How to make a cardboard furniture



first of all I apologize for my odd english, my native tongue is not english but french.


I'm currently making a basic cardboard furniture, so I will try to explain how I'm doing it.




You need 3 identical corrugated cardboard sheets, mine are 70cm x 60cm, at least they must be double layered like :

The 3 sheets are :

  • The frontage
  • The inner
  • The back

They will be the 3 layers of your furniture, you can think of it as a 3D volume made by the extrusion of a 2D drawing.

1. Draw the outlines of your furniture on the first sheet like on the example 



2. Then cut it with a cutter...

3. Repeat 1 & 2 to make the inner (put the frontage over the second sheet to draw its outlines).

4. Put the frontage over the third sheet and report on it the outer outlines (if there are any, on my example there's no outer outlines so the back is simply the unchanged sheet!) and cut it as needed.

here is an example where the back needs some cutting (taken from http://camillecarton.free.fr the best french site about cardboard furniture making) :

(Fond = back, intermédiaire = inner, Façade = frontage)

5. Now you must make up your mind and find where you need to put cross-pieces to put the 3 profiles sheets.

You must use the inner profile as it is the one where you will encase the cross-pieces. On each place where you want to put a cross-piece, you must cut on the inner profile a notch where it will encase.


here is a cross-piece :

(Note that cross-pieces width will correspond to the fourniture inner width)

and here is my inner profile with all the notches cut :

6. Before to encase the cross-pieces in their notches, you must put the inner profile on the two other profiles to mark the place of every cross-piece by drawing a line with a pencil thru every notch, be sure to put the good side of the sheet, the one that will be inner the furniture, usually the ugly side where one can see the corrugated.

7. Now simply assemble the cross-pieces in their notches. On my example, all cross-pieces are of the same size, but if their length is always the same, their height depends on your furniture outlines, so that its height fit with the ceilings and the floors of the furniture parts. It's best to glue the cross-pieces in their notches, use a glue gun, just put a drop of glue, assemble and handle the cross-piece and the profile together a few seconds and its glued.


8. Then assemble the back to the cross-pieces, one by one, just put each one in front of the mark you made, a thin line of glue, you handle them together a few seconds and it's done.

9. Do the same with the frontage.

10. Now you must cover every wall with cardboard, just measure needed dimension for the first wall then cut corresponding cardboard, glue the cross-pieces and/or sheets that will be in contact of it, then put it and hold it tight some seconds for the hot glue to solidify. Then continue for adjacent wall and so on. On my example There is 24 cardboard chunks to put in order to cover all the inner spaces, and only 4 big ones for the outer. All my chunks are simple ones, but it won't be different if there were curved ones, except that for every curve chunk I would have needed to break its straightness by rolling it over something curved like a bottle.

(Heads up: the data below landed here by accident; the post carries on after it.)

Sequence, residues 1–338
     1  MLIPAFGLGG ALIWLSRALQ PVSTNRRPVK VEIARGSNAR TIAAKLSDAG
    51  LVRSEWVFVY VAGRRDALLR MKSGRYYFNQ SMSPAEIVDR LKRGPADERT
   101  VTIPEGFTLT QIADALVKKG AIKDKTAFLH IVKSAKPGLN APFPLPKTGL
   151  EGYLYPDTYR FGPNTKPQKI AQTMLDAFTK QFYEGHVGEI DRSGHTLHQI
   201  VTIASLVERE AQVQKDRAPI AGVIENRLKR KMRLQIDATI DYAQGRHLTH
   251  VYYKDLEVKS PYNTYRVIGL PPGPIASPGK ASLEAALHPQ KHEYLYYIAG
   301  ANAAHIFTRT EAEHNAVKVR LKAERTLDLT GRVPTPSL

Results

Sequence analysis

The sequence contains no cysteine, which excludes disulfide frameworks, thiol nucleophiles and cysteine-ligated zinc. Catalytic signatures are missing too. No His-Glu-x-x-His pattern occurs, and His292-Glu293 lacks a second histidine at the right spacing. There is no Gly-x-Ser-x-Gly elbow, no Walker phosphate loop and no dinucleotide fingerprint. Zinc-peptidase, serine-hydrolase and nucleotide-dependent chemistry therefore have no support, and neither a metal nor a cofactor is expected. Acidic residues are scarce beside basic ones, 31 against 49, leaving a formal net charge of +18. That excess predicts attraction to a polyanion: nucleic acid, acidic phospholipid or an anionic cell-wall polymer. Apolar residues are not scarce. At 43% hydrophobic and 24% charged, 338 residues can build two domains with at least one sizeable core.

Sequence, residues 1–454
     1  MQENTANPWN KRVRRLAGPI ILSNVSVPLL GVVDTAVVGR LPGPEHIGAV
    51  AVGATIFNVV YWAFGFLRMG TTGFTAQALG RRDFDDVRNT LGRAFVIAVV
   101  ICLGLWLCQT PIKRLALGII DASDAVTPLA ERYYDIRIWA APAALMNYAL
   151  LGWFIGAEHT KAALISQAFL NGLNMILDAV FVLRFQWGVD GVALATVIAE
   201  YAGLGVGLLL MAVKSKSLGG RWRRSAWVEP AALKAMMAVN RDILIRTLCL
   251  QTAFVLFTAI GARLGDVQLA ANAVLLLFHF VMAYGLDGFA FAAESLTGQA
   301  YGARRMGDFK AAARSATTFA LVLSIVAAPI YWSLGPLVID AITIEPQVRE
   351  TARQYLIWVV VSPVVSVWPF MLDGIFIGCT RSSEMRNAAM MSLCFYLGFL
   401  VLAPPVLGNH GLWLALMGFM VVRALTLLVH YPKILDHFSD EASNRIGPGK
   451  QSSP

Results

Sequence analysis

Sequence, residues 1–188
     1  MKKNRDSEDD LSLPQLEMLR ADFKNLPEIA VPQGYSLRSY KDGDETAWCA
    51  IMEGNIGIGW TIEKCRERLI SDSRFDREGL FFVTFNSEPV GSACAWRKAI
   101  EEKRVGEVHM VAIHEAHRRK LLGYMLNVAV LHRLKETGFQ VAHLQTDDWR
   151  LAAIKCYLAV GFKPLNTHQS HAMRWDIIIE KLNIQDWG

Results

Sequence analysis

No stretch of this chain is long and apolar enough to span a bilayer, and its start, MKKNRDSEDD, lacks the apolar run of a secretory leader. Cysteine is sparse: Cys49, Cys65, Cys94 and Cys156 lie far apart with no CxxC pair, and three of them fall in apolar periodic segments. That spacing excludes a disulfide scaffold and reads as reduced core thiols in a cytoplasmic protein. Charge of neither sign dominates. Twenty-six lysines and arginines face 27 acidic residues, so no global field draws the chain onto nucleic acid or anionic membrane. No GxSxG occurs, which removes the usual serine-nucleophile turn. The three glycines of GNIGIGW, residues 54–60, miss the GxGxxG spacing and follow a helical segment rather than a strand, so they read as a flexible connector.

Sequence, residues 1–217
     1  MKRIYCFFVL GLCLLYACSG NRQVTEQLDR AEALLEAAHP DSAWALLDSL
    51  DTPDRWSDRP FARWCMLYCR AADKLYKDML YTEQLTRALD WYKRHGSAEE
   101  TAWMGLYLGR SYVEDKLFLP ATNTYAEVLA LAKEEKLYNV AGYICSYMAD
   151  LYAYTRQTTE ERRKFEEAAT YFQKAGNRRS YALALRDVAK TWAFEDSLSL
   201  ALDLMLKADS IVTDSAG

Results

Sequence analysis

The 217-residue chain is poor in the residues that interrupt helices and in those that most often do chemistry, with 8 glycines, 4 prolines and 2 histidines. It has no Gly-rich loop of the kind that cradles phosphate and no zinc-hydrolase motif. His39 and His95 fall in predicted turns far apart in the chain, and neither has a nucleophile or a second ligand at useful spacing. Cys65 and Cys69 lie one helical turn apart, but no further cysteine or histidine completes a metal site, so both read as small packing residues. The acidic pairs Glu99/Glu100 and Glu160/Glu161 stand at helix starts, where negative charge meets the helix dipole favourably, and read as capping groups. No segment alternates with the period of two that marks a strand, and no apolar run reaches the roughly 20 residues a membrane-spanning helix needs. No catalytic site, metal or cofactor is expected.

Yé, here we are, the construction is finished, there are some steps to complete to strenghen and then decorate it.  First each angle, I mean each place where two cardboard pieces meet, must be glued with kraft roll bands here due to the 6 niches there are 88 kraft bands to glue, sure it takes some time but that's really worth it. After that there's another thing that I do to strenghen it too, I fully cover it with a plaster that we call "enduit cyber-bricoleur", enduit is the french word for plaster and cyber-bricoleur is the name of the website that published that recipe (see here).

I don't know it you have all the needed ingredients in your country, but here they are, given in the order where they must ideally be melted : (I assume you use a small unit like a soup spoon or cup of coffee)

  • Precipitated chalk : x9 (white chalk powder usually used to opacify store's front)
  • PVA glue : x6 (usually use to glue wood)
  • Water : x3
  • linseed oil: x1 (of a smaller unit, I mean a coffee spoon if u used a soup spoon)

Just melt each ingredient with the former ones, and give it a 5 minutes rest.  It is possible to color the plaster otherwise it will be white.

Then cover the furniture of one coat, and very important, let it dry, before to apply another coat. If you want your furniture to be very clean and soft, you can sandpaper very softly.

You can also add some texture to the plaster, paper pulp that will add to its solidity, sand or coffee marc (my favorite texture that I also use with only acrylic paint) or cork or anything, but if you do so you need to also add x4 dried wallpaper glue before the linseed oil.

After that, you can choose to cover the whole furniture with some paper that will make it fit well within your appartment style, or you can simply do like I did and paint it with any paint that you like, I recommand white acrylic paint where you can put lots of texture and colorant.

And finally here is the last thing to do : cover the furniture with 2 or more coats of floor vitrifying, the water based one if you can afford it. It's expansive but it will allow you to wash your furniture and it will also protect it against small shocks and scratches.

Then you are done.


Here is a tiny furniture I just did last week-end, very easy to do... 



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Anonymous on May 31, 2013:

cute cat :D

Anonymous on May 31, 2013:

cute cat :D

Anonymous on Sep 06, 2012:

Hi, I'm looking to build a cardboard support system. It must be in the shape of a table. The dimensions must be 28" high with a tabletop surface area of 480". The hardest part is that it must hold 400lbs and it's only created from a 60"x44" piece of cardboard. Also, only hot glue may be used. Any help would be great! Thanks!

girlxx on Feb 27, 2010:

wow I have just moved into a house with my boyfriend and we need furniture so this can be good it will save us money

gilboonet on Dec 13, 2007:

It would be so cool if more people in your country could speak french, we have so many resources about cardboard furniture making, even some videos to explain the basics just like I'm trying to do.

Anyway, here some nice furnitures people made (most of them are hobbyist just like me but some are professional "cartonnistes"), don't hesitate to dig their websites even if it's in french.





(Carton Sur Ton)

Monsieur et Madame !!!




wizodd on Dec 13, 2007:

I wouldn't say your English is at all odd. You're literate which is, unfortunately, more than I can say about many of our entering college and university students...And since my French is pretty much non-existant I can't criticize anyway....

                                A Small Story